Nedeljkovic has been by far the biggest surprise addition. They needed to change something in net given the past few years, and with Tristan Jarry returning the backup ended up being the change. I had low expectations for Nedeljkovic given what we saw from him during his time in Detroit, but he has been nothing short of sensational at times and has even made it so Jarry can get more time off. I think that is something that can — and has — made everybody better. When Jarry is healthy he has showed the ability to be a pretty good NHL goalie. But he hasn’t been consistently healthy. Giving him a reduced work load and somebody that can take some of the pressure off of him physically — while also pushing him in terms of performance — has been, I think, significant in his bounce back season. Goaltending has been a huge part of the Penguins hanging in the playoff race and both players have more than exceeded expectations.

Smith seemed like one of the safer additions, but he has been a little underwhelming. But maybe expectations were a little too high? At this point Smith is what he is as an NHL player. He will be streaky. He will have short burts of big offense followed by extended droughts. That has been his story the entire time he has been in the NHL — even including last season in Vegas — and it is a very common thing with all NHL players. He had a great start, has gone cold since, and has mostly just been, for lack of a better word, “a guy.” I do think he can, and will, get hot again, but I wonder if that happens in Pittsburgh or somewhere else?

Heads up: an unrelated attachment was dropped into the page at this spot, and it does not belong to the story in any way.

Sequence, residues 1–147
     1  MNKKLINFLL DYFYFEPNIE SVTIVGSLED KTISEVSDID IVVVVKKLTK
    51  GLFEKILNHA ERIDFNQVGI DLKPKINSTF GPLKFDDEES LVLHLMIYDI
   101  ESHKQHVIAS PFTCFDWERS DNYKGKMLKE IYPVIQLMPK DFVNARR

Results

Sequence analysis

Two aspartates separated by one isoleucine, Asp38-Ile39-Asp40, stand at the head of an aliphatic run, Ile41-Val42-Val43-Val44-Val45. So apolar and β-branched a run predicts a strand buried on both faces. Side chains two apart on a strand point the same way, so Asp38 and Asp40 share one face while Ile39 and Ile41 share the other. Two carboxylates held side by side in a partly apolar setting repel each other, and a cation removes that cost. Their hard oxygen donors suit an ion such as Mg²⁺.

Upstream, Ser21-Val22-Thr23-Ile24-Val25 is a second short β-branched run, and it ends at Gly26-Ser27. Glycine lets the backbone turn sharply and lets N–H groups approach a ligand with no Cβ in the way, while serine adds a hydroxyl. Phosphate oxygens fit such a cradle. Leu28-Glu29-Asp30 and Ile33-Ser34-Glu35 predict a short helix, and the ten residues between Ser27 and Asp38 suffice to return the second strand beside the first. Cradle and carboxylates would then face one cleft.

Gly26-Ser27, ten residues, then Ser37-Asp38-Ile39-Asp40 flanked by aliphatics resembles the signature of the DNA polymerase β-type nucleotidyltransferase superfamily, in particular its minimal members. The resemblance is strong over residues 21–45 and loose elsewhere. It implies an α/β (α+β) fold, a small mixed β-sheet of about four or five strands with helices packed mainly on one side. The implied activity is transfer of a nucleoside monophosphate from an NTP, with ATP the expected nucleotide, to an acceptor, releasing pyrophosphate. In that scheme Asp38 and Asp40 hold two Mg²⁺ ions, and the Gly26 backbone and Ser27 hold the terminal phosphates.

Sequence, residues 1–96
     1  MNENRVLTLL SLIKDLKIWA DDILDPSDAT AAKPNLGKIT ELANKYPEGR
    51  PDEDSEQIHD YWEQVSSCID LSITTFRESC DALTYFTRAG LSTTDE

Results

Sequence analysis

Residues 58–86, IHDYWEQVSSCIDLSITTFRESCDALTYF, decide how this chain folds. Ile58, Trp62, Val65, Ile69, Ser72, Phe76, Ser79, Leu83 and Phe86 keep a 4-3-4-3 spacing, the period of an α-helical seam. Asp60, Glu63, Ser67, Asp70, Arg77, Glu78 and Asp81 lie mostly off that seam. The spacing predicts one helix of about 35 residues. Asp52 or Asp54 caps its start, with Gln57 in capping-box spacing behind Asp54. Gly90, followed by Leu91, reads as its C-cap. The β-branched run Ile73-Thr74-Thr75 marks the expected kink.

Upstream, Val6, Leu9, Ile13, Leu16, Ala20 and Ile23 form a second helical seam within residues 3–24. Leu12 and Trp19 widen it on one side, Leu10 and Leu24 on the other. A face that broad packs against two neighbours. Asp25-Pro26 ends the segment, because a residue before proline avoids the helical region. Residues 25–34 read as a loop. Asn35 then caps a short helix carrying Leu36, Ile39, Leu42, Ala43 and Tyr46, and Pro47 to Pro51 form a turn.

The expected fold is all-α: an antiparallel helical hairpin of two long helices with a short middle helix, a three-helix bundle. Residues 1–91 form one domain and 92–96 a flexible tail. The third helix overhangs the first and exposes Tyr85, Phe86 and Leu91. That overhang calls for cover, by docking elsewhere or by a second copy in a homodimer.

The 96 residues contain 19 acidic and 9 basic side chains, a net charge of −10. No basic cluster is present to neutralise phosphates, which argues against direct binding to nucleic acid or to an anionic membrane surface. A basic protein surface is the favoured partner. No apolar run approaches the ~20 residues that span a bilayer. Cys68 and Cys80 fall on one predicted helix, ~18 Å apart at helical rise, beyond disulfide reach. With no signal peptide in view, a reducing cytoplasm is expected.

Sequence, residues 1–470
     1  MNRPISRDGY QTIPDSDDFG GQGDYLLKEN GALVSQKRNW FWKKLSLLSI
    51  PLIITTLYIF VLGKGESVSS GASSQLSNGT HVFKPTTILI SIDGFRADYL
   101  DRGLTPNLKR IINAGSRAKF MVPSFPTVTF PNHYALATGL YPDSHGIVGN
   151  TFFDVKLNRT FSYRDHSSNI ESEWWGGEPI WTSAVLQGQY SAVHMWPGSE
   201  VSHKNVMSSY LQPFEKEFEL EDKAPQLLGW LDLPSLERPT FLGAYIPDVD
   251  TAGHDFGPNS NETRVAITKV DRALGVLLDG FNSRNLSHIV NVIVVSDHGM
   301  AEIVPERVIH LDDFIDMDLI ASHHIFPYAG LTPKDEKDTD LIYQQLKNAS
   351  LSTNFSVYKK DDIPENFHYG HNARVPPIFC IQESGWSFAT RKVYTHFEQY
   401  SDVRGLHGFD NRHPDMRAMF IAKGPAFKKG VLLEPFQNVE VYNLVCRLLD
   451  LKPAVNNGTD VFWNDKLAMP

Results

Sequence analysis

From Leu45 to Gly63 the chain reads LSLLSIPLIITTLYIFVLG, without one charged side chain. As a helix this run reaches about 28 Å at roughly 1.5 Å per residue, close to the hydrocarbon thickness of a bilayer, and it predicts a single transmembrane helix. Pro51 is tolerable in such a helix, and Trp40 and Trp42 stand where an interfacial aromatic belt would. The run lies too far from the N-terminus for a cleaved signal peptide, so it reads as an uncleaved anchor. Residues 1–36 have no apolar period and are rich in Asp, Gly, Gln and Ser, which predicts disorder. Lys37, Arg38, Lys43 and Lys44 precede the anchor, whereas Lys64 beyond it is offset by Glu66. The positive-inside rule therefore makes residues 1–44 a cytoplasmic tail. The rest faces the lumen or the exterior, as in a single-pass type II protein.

The bottom-six additions have been exactly as advertised. They mostly defend well. They do not score. That is better than the alternative we saw a year ago of not scoring and not defending well.

Then we get to Graves. That was easily the most controversial of the offseason additions given the term and money, and halfway through the season it is looking like a big whiff. My source of optimism on that deal was that Graves, while unspectacular on his own, had shown an ability to play with top-pairing defenders in Colorado and New Jersey and at least produced solid results playing next to the likes of Cale Makar and Dougie Hamilton. Why couldn’t he be the new Brian Dumoulin and handle business next to Letang or Karlsson?

Well, simply put, because he is not peak-era Brian Dumoulin.

Letang and Karlsson have produced their worst results playing alongside Graves and been significantly better playing next to, quite literally, any other defender on the roster. It just looks like a big swing and a miss.

The second half outlook